In part one of this two-part blog, we looked at the analytics approach retail insurers are taking organizations to attain customers, ingest data and align the portfolio and why Reinsurers must consider the context of the organizational strategic objectives and benchmarks against the current analytical capabilities which support information needs. In the last part of this blog, we look at the advantages descriptive analytics and diagnostic analytics provide to Reinsurers.
With the advancement in technology outside of the insurance industry moving at a pace yet to be capitalized on within the industry, the 2020 Capgemini report identifies that from a primary insurance perspective, real-time data insights are currently realistic for only 38% of respondents. However, over a third of the respondents to Capgemini’s survey said they are investing in advanced analytical techniques to generate deeper insights from captured data.
However, from a reinsurance perspective, Deloitte reveals that Reinsurers are not yet fully leveraging automation to increase transparency, controls and analytic capabilities that the complexity of reinsurance contract structures demand. Arguably, Reinsurers more than direct Insurers, require this due to the complexities of the layering and nested inurring reinsurance structures that hinder rapid marginal and contract impact analysis across the portfolio.
Source: Jump-starting your reinsurance automation journey – Deloitte
The insurance industry remains somewhat in the paradigm of hindsight analytics. In McKinsey’s Covid survey, results show a strong recognition that investment in technology is a focus for the insurance industry as a whole. However, the role of predictive analytics and its application to reinsurance (in particular) has been a more protracted application than the innovation we have seen across the primary markets supporting the retail insurance segment.
As underlined above, a gradual increase in capability begins with ensuring that the ingested data is worthy of analysis. We repeatedly witness tunnel vision on this point; any data focus has objective metrics tied to the data points that measure increasing improvements in data veracity linked to objective business outcomes (to indicate relative progress and success).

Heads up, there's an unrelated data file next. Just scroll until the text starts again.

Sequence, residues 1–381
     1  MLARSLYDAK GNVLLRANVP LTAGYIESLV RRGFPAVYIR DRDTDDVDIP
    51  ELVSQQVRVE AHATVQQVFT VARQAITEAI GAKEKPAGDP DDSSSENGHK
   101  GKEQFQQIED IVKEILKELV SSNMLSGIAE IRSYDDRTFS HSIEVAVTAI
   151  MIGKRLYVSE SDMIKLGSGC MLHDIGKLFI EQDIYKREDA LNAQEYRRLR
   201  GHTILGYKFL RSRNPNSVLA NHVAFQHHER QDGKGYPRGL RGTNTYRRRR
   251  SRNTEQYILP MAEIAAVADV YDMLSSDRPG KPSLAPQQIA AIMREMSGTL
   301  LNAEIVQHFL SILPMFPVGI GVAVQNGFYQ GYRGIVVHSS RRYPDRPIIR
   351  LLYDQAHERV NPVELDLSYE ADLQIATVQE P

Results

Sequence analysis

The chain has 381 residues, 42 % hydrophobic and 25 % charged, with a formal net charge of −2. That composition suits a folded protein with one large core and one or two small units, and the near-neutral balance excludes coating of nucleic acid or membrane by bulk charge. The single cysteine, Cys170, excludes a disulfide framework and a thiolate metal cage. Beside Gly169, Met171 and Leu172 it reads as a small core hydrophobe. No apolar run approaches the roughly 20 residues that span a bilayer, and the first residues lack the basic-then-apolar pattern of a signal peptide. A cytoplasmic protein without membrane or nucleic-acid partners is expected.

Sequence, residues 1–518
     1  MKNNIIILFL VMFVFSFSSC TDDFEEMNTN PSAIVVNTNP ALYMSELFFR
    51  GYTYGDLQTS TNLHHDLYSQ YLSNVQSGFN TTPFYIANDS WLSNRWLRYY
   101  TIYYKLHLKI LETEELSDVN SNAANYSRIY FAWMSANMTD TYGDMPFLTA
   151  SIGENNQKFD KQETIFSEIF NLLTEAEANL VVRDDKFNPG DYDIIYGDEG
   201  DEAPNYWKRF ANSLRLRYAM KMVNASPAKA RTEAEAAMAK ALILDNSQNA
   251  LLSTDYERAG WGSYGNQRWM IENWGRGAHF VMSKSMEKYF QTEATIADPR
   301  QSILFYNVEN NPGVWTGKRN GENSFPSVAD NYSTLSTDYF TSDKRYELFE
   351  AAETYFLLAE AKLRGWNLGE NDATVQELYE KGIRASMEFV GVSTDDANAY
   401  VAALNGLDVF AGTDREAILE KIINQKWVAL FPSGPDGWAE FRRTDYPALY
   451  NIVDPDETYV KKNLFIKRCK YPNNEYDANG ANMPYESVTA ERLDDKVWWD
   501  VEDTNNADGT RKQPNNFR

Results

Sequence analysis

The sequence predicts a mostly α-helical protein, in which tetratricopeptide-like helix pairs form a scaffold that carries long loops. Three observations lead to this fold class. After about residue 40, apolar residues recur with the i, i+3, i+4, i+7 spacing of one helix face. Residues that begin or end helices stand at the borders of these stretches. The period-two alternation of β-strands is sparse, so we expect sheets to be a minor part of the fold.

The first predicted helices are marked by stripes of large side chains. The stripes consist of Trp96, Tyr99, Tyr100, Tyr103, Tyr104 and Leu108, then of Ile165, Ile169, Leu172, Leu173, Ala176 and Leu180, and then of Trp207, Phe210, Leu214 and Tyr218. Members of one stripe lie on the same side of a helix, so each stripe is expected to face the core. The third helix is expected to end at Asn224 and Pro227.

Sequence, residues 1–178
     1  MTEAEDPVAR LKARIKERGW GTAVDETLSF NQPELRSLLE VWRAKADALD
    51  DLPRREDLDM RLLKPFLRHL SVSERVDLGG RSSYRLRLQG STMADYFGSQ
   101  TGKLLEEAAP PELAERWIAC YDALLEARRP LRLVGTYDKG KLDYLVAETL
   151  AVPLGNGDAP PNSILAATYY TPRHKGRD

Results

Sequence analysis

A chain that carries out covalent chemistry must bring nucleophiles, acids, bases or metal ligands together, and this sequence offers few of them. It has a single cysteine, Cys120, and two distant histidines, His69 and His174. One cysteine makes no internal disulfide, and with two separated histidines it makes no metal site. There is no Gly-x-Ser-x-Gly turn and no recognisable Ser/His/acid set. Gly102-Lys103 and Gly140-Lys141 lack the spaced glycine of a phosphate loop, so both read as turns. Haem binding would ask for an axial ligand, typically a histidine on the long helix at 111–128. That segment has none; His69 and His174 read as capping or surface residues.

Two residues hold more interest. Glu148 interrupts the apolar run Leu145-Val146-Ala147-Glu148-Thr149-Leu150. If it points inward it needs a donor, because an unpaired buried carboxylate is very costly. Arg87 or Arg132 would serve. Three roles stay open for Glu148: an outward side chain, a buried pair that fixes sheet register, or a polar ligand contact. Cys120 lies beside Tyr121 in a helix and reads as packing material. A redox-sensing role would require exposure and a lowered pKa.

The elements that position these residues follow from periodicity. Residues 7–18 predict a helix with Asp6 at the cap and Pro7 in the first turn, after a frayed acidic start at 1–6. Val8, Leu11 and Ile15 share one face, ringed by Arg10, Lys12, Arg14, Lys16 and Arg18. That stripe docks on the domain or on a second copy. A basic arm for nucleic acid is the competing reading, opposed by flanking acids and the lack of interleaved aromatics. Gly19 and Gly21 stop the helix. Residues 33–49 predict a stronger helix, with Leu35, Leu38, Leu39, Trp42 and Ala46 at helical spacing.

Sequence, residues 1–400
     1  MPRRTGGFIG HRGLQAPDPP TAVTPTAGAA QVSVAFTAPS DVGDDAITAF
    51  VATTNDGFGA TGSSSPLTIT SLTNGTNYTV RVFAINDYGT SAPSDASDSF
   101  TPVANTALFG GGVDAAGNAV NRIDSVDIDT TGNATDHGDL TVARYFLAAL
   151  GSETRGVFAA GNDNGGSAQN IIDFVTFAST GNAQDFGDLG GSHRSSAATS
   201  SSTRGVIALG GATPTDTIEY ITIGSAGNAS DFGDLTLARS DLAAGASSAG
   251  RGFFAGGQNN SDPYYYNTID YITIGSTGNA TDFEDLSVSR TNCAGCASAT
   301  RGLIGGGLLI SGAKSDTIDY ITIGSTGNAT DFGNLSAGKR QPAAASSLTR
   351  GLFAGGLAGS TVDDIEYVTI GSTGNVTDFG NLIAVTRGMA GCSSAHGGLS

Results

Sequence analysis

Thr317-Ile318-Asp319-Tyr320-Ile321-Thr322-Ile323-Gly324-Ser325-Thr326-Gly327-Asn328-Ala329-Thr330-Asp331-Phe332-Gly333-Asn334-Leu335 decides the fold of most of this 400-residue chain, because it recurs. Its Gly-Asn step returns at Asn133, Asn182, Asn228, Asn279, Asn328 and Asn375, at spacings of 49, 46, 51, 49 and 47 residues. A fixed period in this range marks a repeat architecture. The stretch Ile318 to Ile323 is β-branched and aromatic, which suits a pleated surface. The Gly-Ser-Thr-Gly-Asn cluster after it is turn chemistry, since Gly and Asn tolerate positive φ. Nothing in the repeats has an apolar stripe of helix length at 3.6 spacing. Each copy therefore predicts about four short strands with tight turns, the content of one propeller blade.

Descriptive analytics and diagnostic analytics provide insights into the current book of business at whichever dimension is required. Typically, a self-service BI tool or MIS reporting will suffice based on canned reporting requirements across business units, personas and groups. However, the evidence from leading consultants suggests that the differentiator that enables the Reinsurer to consider market rate changes grows, whilst closely monitoring exposures depends on the Reinsurers ability to delve into a multi-dimensional view across multi-line business, geography, and complex contract structures.
As a segment, Reinsurers are not just playing catch-up on data orchestration, augmentation, and forward-looking predictive data analytics to support interrogating drivers of profit and loss. A proportion of the market remains competitively disadvantaged against their peers as their foundational analytics maturity is yet to attain a qualitative position for descriptive (what) and diagnostic (why) analytics that in itself would provide differentiating insights into the portfolio. There will always be a place for this type of reporting, and it should be considered a foundational building block that all organizations aspire towards achieving.
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